Though retired and serving bureaucrats and Army officers have joined political parties in the past, this trend is catching up fast now.
Shashi Tharoor, the high-profile Congress MP from Thiruvananthapuram, has a penchant for courting controversy. Recently, he was in the eye of a storm when he travelled to Europe last month while his home state Kerala was battling unprecedented floods. Under attack for being missing at such a critical time, Mr Tharoor maintained he had gone to Geneva to lobby for funds for flood-hit Kerala when he had actually gone there to condole with the family of former UN Secretary-General Kofi Annan, who passed away recently. Mr Tharoor later joined Congress president Rahul Gandhi in Germany. Despite the flak he received, Mr Tharoor is expected to travel abroad again — this time to England. But he has taken care to insulate himself against any further criticism as he is scheduled to attend a fundraising event for those affected by floods in Kerala at an upmarket restaurant in London’s Tony Mayfair on September 12. The poster advertising the programme says the evening will begin with a speech by Mr Tharoor and will be followed by drinks and a delicious Kerala meal. The charges: £150 for a ticket.
Bhagat Singh Koshyari, the Bharatiya Janata Party MP from Nainital, has been unhappy with the party leadership after he was denied the chief minister’s post in his home state Uttarakhand over a year ago. Though he has been keeping a low profile since then, Mr Koshyari has now publicly declared that he is not interested in contesting the next Lok Sabha election, thus sending out a clear message to the BJP bosses that he cannot be taken for granted. Realising that Mr Koshyari’s decision could create fissures in the party’s state unit, BJP president Amit Shah has tried to mollify the senior leader but to little avail.
Mr Shah also enlisted the help of shipping and transport minister Nitin Gadkari in this task. The Union minister is learnt to have called on Mr Koshyari twice and conveyed the party’s offer of a governor’s post to him. Mr Koshyari, however, remained unmoved. In fact, the angry MP is said to have told Mr Gadkari that the party is wasting its time and that the BJP chief emissaries would be shown the door if any further attempt is made to placate him.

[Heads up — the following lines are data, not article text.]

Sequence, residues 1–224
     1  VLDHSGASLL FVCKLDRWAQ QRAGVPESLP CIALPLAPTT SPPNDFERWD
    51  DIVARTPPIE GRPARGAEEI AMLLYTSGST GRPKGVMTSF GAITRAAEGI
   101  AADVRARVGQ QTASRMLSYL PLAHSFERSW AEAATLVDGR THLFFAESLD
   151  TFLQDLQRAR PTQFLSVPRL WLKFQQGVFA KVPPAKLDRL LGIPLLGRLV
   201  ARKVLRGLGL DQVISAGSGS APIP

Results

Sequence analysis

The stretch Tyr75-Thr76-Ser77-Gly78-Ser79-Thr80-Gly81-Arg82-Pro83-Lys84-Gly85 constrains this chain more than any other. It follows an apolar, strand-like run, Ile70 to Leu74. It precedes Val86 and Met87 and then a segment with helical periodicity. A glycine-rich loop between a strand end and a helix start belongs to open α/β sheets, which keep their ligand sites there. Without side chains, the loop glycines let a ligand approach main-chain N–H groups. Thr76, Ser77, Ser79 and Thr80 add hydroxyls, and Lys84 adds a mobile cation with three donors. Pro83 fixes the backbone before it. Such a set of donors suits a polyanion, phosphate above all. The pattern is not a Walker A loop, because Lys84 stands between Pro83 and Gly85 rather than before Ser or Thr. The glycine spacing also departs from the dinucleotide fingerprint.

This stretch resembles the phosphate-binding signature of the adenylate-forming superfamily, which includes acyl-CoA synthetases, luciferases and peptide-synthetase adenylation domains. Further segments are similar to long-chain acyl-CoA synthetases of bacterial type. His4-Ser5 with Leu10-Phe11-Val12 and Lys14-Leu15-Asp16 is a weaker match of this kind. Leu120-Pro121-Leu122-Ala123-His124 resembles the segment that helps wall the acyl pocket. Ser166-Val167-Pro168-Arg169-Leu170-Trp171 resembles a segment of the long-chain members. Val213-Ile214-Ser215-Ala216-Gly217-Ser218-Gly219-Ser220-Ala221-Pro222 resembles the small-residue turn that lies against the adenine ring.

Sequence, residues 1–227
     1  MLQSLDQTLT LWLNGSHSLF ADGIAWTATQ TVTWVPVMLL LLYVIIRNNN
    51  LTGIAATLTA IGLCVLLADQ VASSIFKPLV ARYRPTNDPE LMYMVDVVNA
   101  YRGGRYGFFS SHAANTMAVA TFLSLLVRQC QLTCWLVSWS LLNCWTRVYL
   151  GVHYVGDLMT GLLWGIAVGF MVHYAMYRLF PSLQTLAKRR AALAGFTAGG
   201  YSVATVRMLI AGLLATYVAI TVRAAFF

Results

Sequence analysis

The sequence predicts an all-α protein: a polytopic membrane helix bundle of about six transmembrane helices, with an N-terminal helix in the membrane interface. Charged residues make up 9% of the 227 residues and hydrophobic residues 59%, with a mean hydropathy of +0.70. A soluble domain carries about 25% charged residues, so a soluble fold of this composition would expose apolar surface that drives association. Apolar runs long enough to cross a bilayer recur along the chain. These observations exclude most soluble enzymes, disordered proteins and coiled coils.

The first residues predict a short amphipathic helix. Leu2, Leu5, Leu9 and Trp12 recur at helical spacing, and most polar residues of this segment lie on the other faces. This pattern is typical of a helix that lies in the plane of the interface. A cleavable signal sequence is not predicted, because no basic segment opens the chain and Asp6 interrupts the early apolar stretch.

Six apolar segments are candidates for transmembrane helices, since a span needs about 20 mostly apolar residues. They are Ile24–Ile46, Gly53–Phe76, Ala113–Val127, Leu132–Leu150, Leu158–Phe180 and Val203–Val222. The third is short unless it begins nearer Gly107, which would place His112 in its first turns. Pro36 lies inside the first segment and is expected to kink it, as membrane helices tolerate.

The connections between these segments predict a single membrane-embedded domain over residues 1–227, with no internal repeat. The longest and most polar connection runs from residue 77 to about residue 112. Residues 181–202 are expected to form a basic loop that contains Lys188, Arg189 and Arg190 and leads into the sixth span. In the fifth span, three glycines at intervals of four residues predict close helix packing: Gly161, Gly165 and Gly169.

Though retired and serving bureaucrats and Army officers have joined political parties in the past, this trend is catching up fast now. Recently two retired officers joined the Congress in Chhattisgarh, while the young collector of Raipur put in his papers to enrol with the BJP. The Congress leaders have been surprised by the unusually large number of civil servants who are approaching them for tickets for the year-end Assembly election in Rajasthan. It is said that this list includes officials at different levels and cuts across caste lines. All the applicants profess to endorse the party philosophy and maintain they have been promoting the Congress both directly and indirectly. While this is good news for the Congress as it shows that the party is on a strong wicket in the desert state, the rush of these applications has created a fresh problem for the state leadership. Though the list of candidates is far from finalised, party workers have make it clear to the Congress leaders it would be most unfair if their rightful claims are overlooked in favour of what they describe as “lateral entrants”. The ticket-seeking bureaucrats, they maintain, have been enjoying the fruits of power, while they have been toiling in the field for the party. Clearly, the Congress has a tough choice at hand.
Many Delhiites were taken aback when they were recently contacted on the phone and asked about the political party they would pick in the 2019 Lok Sabha elections. The callers maintained they were ringing on behalf of a well-known Hindi news channel, which was conducting a survey on the poll prospects of various political parties. When people did not divulge their preferences on the ground that their vote was a secret, the caller persisted and wanted to know if they were uncomfortable about this question and did it mean they did not wish to vote for Narendra Modi. Now that elections are around the corner, it is only to be expected that both political parties and media houses will be commissioning such surveys but it is unusual to seek feedback in this fashion. However, the line of questioning in this instance points a needle of suspicion to the ruling Bharatiya Janata Party as it has an organised set up to track public opinion about the party and the Prime Minister. There are reports that the BJP has converted its old party headquarters on Ashoka Road into a war room for next year’s general election. It is said to be staffed by 200-odd young persons who have been entrusted with the responsibility of analysing poll data, uploading material about the BJP’s achievements on various digital platforms and tracking the Twitter handles of journalists and writers to identify those who are pro or anti-BJP.